• makeBindingTarget { (dataProvider, newSections) in } –– It’s an in-built function inside ReactiveSwift framework which returns an instance of BindingTarget. It has a closure based initialiser which takes two arguments as part of a tuple i.e. an instance of the Base class (DataProvider) and the input ([Section]).
  • dataProvider.sections(newSections) –– This is the internal underlying logic which we want to use when we get new values of sections so that we can trigger the table/collection to update.
let dataProvider = DataProvider()// reactive
dataProvider.reactive.sections <~ ... // acts like a target
// non reactive
dataProvider.sections(...)

3. BindingSource (Signal)

Just now we saw how we can reactively get the sections which allows us to bind it with other functions. Now what if we want to observe the sections reactively as well. To achieve it, there's another protocol –– BindingSource which simply means it can act like source of values which we can listen or bind forward. We already have a class Signal comforming to BindingSource, as part of ReactiveSwift framework, to make our job easier. Let's see some UIKit examples to understand the flow,

textField.reactive.continuousTextValues // Signal<String?>
button.reactive.controlEvents // Signal<UIControlEvents>
extension Reactive where Base: DataProvider {

var sectionsSignal: Signal<[Section]> {
return Signal { observer, _ in
base.sections = { sections in
observer.send(value: sections)
}
}
}
}
  • base.onNext –– base is the instance of the custom class which we want to extend to have a reactive layer. In this case it's DataProvider, that's why we can access sections property which is nothing but a closure.
  • observer.send(value: sections) –– whenever someone calls base.sections(), sectionsSignal will emit a new value of sections by calling the method observer.send().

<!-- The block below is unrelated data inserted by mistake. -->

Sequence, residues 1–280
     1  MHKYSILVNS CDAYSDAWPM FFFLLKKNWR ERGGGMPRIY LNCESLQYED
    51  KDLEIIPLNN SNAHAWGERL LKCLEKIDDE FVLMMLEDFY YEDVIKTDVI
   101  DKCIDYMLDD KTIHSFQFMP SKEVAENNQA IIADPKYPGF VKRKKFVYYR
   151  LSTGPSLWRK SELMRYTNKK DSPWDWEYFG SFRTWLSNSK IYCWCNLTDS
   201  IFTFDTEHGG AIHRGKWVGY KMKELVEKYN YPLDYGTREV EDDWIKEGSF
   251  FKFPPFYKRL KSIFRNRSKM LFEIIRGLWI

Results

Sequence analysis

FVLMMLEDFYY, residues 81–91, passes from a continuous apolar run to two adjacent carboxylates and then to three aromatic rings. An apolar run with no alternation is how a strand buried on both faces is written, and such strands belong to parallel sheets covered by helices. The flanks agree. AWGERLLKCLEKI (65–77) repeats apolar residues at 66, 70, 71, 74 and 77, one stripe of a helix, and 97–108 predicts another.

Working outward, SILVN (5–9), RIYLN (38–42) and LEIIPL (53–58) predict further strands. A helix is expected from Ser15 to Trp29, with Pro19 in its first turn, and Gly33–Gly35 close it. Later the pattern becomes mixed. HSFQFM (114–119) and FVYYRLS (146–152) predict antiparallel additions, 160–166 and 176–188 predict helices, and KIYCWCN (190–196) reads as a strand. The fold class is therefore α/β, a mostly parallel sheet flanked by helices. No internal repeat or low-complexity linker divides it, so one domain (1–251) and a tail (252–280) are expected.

// acts like a source of values
... <~ dataProvider.reactive.sectionsSignal

Conclusion

Thus without modifying any underlying logic of DataProvider or creating a new class, we are able to extend it to make it plugeable with other reactive apis. The protocols or classes used above are –– ReactiveExtensionsProvider, BindingTarget, Reactive & Signal (BindingSource) Let's the compare the final api,

extension DataProvider: ReactiveExtensionsProvider {}extension Reactive where Base: DataProvider {

var sections: BindingTarget<[Section]> {
return makeBindingTarget { (dataProvider, newSections) in
dataProvider.sections(newSections)
}
}

var sectionsSignal: Signal<[Section]> {
return Signal { observer, _ in
base.sections = { sections in
observer.send(value: sections)
}
}
}
}
let dataProvider = DataProvider()// reactive
dataProvider.reactive.sections <~ ... // used as a target
... <~ dataProvider.reactive.sectionsSignal // used as a source
// non-reactive
dataProvider.sections(...)
dataProvider.sections = { sections in ... }

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Every sundae has a different flavour, so does best…